At the bus ticket seller window, you'll see the bus schedule affixed & decide which one is the best option. If you're going on high season, get a return ticket! There are always extra buses provided so you can also buy it there.
I advised you consider the air conditioning buses. It's usually expensive compared to the common buses but they're non-stop, while the other stops along the way. If you decide to get off the bus, make sure the driver is aware of it. You can buy stuff from the outside vendors off the bus window. Another reason to have at least an equivalent to $20 of change in the Brazilian currency handy. The bus route includes: the sierras, the Araruama lagoon and many beaches.
If return tickets are sold out, don’t panic! Place your name on the stand by list for the extra buses that will be provided.
C'mon be adventurous: board the bus and enjoy the road to Buzios!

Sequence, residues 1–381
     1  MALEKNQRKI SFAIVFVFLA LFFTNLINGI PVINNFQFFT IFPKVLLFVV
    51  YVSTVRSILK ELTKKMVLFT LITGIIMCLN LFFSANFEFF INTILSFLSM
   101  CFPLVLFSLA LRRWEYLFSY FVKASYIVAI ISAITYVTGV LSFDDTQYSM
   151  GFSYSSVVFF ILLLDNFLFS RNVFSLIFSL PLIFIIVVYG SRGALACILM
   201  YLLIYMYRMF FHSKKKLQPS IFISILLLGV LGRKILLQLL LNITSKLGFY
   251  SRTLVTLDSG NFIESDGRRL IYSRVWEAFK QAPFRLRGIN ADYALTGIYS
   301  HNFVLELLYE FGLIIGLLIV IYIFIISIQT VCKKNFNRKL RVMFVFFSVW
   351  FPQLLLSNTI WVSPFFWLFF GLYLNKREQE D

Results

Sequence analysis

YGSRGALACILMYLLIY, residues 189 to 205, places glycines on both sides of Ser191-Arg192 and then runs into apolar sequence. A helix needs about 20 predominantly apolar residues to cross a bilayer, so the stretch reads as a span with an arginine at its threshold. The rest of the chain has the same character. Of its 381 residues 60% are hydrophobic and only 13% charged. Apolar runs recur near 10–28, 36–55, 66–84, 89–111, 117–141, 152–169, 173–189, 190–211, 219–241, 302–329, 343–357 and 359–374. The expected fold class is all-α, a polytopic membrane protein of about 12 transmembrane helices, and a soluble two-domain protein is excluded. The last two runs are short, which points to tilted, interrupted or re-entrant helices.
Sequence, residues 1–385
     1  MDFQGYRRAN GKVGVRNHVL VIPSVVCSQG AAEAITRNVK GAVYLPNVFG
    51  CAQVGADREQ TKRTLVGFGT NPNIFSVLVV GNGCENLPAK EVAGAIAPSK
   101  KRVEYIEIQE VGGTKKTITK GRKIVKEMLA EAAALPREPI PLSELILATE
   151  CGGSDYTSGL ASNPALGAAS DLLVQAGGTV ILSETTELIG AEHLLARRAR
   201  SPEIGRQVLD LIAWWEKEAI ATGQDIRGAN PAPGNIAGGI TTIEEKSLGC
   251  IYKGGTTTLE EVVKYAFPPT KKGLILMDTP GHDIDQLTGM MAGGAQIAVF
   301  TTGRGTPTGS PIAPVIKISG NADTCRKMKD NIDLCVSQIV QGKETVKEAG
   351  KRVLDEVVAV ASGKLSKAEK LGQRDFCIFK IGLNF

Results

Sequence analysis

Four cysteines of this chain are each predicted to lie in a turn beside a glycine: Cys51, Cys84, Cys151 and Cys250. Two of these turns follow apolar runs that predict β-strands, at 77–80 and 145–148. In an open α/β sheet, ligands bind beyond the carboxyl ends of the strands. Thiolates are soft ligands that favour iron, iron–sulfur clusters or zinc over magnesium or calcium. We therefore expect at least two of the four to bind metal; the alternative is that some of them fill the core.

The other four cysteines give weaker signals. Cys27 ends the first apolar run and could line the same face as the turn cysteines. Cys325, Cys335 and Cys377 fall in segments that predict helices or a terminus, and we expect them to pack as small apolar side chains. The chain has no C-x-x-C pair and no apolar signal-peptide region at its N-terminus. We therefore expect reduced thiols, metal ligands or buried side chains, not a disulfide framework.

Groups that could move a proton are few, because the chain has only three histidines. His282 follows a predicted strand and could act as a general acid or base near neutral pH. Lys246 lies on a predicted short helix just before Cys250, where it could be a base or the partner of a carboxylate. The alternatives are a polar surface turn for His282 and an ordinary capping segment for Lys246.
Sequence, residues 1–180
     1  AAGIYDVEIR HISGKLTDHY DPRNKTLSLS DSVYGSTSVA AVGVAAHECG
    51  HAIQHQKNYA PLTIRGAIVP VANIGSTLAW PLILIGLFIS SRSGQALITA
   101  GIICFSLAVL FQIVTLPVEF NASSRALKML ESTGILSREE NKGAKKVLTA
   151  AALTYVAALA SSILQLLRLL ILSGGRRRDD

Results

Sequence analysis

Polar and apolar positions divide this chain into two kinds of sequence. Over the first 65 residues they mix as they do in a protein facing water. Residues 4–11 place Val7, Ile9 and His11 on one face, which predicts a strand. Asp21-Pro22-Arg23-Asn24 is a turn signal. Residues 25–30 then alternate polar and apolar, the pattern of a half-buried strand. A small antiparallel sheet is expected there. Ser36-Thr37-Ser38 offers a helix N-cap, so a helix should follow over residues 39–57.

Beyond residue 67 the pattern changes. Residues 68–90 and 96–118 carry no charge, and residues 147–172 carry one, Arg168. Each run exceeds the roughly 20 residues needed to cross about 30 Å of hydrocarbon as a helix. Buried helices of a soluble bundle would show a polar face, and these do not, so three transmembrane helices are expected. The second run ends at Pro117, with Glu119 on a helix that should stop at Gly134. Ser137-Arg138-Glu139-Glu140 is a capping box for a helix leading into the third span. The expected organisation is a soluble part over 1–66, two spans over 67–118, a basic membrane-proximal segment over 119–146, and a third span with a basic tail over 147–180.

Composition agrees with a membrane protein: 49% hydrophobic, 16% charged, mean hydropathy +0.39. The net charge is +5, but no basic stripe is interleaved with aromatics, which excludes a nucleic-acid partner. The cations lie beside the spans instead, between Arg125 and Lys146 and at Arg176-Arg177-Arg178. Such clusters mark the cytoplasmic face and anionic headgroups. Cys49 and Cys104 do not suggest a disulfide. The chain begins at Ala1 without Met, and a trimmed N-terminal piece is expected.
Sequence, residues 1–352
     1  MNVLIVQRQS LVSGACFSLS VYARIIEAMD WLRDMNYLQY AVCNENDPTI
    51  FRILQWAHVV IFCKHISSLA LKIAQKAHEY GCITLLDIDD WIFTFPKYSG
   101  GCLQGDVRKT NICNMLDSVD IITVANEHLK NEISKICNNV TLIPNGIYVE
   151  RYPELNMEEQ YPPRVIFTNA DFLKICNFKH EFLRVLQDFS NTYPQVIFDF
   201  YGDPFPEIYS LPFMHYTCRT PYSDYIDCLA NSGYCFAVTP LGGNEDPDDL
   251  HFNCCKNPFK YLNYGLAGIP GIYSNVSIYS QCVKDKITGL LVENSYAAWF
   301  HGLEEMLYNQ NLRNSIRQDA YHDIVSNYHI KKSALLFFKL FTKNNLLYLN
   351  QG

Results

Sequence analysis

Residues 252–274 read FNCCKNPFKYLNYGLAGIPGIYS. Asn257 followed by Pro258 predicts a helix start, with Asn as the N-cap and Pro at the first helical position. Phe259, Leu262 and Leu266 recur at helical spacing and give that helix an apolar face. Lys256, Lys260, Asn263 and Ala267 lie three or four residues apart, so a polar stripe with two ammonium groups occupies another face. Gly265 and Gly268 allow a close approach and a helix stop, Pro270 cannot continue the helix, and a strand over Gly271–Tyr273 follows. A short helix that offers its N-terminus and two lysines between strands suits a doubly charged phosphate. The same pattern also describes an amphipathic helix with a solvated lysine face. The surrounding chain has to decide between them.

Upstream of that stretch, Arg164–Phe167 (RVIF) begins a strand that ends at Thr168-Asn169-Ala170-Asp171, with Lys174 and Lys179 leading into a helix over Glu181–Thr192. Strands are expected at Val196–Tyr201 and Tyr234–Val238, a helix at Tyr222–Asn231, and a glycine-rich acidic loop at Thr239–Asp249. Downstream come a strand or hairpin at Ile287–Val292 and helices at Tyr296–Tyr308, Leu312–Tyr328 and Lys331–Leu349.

Rather than a taxi, take a bus to Corcovado — to the station for the cog–train that will take you to the Cristo Redentor (Christ the Redeemer) monument that is a symbol of Rio. (Oh, you must still climb 220+ steps to reach the base of the 100–foot high statue.)
Comfortable, air conditioned buses cost only R$12 in 2002; regular buses cost R$7 (about US40¢ and 23¢ at 2003 rates of exchange).
On the way to Corcovado you'll have fascinating glimpses of Rio's street life — shops and shopping centers, humble homes and mansions, and people, people, people.
From anywhere in the city look for a bus marked 'Cosmo Velho.' Take it almost to the end of the line. You'll spot the Corcovado cog–train station (and souvenir shops) on your left near the top of the hill. But if you miss it, the next stop is the last. All you have to do is get off the bus and walk a short distance down the hill and you're there.
Meanwhile, MIAN – the naïf art museum — will be on your right as you meander down the hill. And if you go to MIAN after you've visited Cristo Redentor, your cog–train receipt will give you free entrance into the museum.
In June 2003 elevators and escalators were installed at Corcovado. You no longer have to "climb 220+ steps" to reach the base of the monument. You get to the top more quickly and less tired -- but also with less a sense of triumph.
MIAN no longer grants free entrance to people with cog train receipts. The fee, in 2004, was R$10, or about US$2.25 at the then rate of exchange.